CLIL Challenges: Secondary School CLIL Teachers’ Voices and Experienced Agency in Three European Contexts


  • Kristiina Skinnari


teacher agency, teachers' voices, CLIL, secondary school, the Listening Guide method


This qualitative interview study focuses on CLIL (Content and Language Integrated Learning) teacher agency in three European contexts, Austria, Finland and Andalusia, Spain. The aim of the study is to understand how individual CLIL teachers experience their agency when encountering challenges in their work and to demonstrate the multifaceted quality of their agency. The study employs the Listening Guide method (Gilligan, 2015) to listen to the voices of three secondary school subject teachers from three diverse contexts. The analysis shows that CLIL challenges both empowered and disempowered the teachers depending on how meaningful they found their work and what their possibilities to act were in their specific contexts. Some of the teachers’ CLIL experiences were similar, for instance, struggling alone with lack of support. However, these challenges did not affect the teachers’ agency in a straightforward way. In spite of the seemingly comparable challenges, the teachers described their unique experiences and ways to cope with the demands of their work in different ways. For example, using two languages or making their own materials was for some invigorating and for others problematic. In addition, during the interviews individual teachers also reported about their experiences in various ways, explaining, elaborating and balancing their thoughts with varying expressions of agency. Particularly significant for the teachers’ experiences of agency appeared to be the beginning of their CLIL career, however, their initial experiences of agency did not endure. The study shows that CLIL teacher agency is multivoiced, dynamic and often vulnerable.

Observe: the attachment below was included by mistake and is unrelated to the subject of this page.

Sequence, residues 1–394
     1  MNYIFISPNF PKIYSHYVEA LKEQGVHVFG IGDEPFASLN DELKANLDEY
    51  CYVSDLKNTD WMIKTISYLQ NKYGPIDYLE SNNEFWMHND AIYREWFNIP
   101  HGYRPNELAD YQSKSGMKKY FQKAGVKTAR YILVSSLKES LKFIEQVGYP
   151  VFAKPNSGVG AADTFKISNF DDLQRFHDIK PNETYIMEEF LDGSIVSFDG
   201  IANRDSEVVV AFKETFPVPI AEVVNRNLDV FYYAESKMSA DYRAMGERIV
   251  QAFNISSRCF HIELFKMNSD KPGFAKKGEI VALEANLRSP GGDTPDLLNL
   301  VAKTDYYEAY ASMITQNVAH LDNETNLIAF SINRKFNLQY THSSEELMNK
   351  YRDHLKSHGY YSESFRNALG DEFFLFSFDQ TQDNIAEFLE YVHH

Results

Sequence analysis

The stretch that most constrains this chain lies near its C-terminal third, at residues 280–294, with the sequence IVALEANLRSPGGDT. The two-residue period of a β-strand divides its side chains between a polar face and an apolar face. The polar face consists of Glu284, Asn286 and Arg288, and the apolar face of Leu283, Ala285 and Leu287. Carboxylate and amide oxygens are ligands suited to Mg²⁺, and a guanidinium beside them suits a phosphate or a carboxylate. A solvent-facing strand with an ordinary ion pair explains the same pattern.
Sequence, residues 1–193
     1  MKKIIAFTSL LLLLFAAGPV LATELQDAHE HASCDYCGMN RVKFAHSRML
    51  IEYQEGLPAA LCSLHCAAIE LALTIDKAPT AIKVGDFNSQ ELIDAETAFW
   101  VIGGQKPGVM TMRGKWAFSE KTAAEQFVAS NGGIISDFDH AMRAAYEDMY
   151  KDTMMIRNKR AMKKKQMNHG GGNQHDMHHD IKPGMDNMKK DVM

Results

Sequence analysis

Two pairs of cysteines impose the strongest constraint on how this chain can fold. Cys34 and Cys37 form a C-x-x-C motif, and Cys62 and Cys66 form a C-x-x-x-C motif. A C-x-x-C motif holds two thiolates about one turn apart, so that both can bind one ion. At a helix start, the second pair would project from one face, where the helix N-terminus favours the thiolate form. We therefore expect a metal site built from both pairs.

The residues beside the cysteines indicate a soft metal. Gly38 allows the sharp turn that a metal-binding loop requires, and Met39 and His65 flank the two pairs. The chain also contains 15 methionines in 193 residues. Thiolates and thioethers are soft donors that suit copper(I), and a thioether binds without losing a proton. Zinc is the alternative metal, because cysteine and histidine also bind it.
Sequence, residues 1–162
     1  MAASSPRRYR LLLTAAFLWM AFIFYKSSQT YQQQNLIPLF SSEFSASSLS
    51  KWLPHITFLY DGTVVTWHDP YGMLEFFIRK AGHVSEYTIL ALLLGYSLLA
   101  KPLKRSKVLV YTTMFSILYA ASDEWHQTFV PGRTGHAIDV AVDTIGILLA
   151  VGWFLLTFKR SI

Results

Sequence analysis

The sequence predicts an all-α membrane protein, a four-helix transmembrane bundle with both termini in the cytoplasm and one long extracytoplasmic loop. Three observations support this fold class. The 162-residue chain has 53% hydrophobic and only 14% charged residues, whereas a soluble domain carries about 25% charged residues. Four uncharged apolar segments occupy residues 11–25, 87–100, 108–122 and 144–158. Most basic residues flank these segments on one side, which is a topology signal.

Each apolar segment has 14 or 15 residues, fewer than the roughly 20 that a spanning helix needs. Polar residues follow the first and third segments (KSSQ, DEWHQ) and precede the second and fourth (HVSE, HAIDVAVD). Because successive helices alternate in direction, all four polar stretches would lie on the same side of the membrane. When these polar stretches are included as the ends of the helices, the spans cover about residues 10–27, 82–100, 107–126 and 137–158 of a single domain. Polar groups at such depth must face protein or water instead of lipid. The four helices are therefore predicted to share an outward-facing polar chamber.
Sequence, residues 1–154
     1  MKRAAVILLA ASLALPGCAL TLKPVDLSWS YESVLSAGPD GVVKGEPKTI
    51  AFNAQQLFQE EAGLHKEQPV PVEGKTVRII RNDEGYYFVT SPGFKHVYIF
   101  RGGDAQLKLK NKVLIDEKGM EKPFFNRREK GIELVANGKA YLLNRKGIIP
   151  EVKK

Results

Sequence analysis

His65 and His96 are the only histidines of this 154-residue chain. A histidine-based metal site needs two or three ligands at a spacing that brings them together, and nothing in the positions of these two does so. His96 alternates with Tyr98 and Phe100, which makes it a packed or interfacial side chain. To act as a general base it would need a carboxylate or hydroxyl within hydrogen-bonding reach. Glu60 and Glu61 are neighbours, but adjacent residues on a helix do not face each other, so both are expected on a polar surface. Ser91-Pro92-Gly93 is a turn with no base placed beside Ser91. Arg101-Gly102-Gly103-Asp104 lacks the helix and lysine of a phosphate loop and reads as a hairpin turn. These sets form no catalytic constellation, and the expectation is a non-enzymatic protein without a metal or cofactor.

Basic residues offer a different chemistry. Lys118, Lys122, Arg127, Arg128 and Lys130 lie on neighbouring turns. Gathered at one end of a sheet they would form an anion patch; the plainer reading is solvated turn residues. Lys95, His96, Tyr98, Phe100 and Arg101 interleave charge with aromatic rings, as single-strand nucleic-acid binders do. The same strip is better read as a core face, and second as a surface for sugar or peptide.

How to Cite

Skinnari, K. (2020). CLIL Challenges: Secondary School CLIL Teachers’ Voices and Experienced Agency in Three European Contexts. JOURNAL FOR THE PSYCHOLOGY OF LANGUAGE LEARNING, 2(2), 6-19. Retrieved from

Similar Articles

You may also start an advanced similarity search for this article.